Comparison with Adjectives

by Rob Lane


In this article, we will look at some of the simple forms used for comparison. These patterns are rigid and learners must respect the pattern to avoid typical mistakes. Firstly, we will look at comparisons of similarity, and then comparisons of difference. Comparing difference is much more complex than comparing similarity so learners should be careful with the rules.


Comparing Similarity

X (be) + as + adjective + as Y

Tom is as tall as Sam.


When we use this structure, we are saying that the two things are not different. In this example Tom and Sam are both 180 cm tall.


To change the time, use different forms of the verb be.

The weather in California was as hot as in Spain.

Maria is not as beautiful as Claire.

James has been as busy as Michael.


It is also possible to qualify the sense by using an adverb.

Joe’s car is almost as fast as Pierre’s car.



Comparing Difference

At this point it is necessary to note that the number of syllables and how they end dictates which form we use. You should also note that there are a number of irregularities and points of disagreement for native speakers. You should note that many of the two-syllable adjectives may take the -er or more rule.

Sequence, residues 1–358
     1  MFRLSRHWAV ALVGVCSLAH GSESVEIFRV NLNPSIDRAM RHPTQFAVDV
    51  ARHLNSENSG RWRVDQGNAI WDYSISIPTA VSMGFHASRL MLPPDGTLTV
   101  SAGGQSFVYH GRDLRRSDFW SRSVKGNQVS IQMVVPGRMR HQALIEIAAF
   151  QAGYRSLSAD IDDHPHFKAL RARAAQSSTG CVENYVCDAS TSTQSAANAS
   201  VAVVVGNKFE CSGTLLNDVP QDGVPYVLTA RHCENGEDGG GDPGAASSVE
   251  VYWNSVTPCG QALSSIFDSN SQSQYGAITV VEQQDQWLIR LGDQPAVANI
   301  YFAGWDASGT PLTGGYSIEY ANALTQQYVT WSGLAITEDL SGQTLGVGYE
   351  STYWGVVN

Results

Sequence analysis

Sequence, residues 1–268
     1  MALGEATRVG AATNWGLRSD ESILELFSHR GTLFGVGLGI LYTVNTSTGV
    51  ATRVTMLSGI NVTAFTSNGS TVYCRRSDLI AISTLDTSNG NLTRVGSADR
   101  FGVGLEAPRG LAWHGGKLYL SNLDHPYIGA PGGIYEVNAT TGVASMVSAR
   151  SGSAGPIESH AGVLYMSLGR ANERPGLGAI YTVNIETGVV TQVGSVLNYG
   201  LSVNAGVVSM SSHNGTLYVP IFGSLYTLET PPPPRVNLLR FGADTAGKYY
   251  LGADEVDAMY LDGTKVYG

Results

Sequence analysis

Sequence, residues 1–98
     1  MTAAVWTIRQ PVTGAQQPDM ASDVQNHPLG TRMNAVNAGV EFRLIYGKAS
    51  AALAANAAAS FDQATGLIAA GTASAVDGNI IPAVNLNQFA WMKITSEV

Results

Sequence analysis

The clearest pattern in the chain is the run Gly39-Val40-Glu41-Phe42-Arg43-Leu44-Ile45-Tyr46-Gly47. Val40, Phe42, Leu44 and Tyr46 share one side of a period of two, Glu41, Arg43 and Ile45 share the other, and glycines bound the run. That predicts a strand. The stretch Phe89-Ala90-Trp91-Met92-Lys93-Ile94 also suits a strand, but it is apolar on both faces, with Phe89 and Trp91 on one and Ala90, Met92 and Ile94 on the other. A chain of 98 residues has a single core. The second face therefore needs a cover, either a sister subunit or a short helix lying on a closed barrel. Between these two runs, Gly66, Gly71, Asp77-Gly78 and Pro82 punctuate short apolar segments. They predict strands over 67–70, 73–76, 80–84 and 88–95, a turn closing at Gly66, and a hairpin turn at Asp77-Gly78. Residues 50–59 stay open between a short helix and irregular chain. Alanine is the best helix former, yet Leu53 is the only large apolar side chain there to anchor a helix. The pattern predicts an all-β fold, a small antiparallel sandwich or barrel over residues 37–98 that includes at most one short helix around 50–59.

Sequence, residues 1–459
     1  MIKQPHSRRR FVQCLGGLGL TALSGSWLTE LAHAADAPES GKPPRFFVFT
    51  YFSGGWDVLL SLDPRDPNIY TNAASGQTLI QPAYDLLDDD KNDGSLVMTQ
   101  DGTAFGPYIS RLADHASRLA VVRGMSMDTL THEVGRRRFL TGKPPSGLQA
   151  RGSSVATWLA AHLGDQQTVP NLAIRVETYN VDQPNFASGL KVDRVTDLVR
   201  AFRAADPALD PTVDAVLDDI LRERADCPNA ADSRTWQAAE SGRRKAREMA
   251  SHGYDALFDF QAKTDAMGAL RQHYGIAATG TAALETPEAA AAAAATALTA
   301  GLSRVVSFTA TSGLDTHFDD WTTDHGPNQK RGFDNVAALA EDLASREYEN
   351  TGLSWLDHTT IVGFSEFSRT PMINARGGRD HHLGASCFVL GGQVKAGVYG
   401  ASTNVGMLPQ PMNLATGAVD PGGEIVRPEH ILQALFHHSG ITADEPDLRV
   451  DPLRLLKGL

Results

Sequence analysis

The north is colder than the south.

X (be) + (single syllable adjective + er) + than Y


The countryside is more peaceful than the city.

X (be) + more + two-syllable adjective + than Y


Crow Lane is narrower than Brick Lane.

X (be) + two-syllable adjective er/le/ow ending + er + than Y


The next exam will be easier than the last one.

X (be) + two-syllable adjective -y* ending + ier + than Y

change the final -y to ier


The west is more beautiful than the east.

X (be) + more + three-syllable adjective + than Y


Note: some of the most common adjectives have irregular comparative forms.

Good becomes better, bad becomes worse, far becomes farther.



Less can be used with any adjective when comparing difference.

It is less cold in Paris than in Glasgow.

The gallery was less interesting than I had expected.

Silvia is less friendly than Paola.


Far and Much

Both can be used after the verb be to emphasize that there is a great difference.

The south-west of France is much more beautiful than the south-east.

The Spanish are far louder than the Dutch.


You Should

Do repetitive practice with some sections for a practice grammar book to become familiar with the rules and build a good habit.

Do tasks such as comparing life in two countries to contextualize the grammar.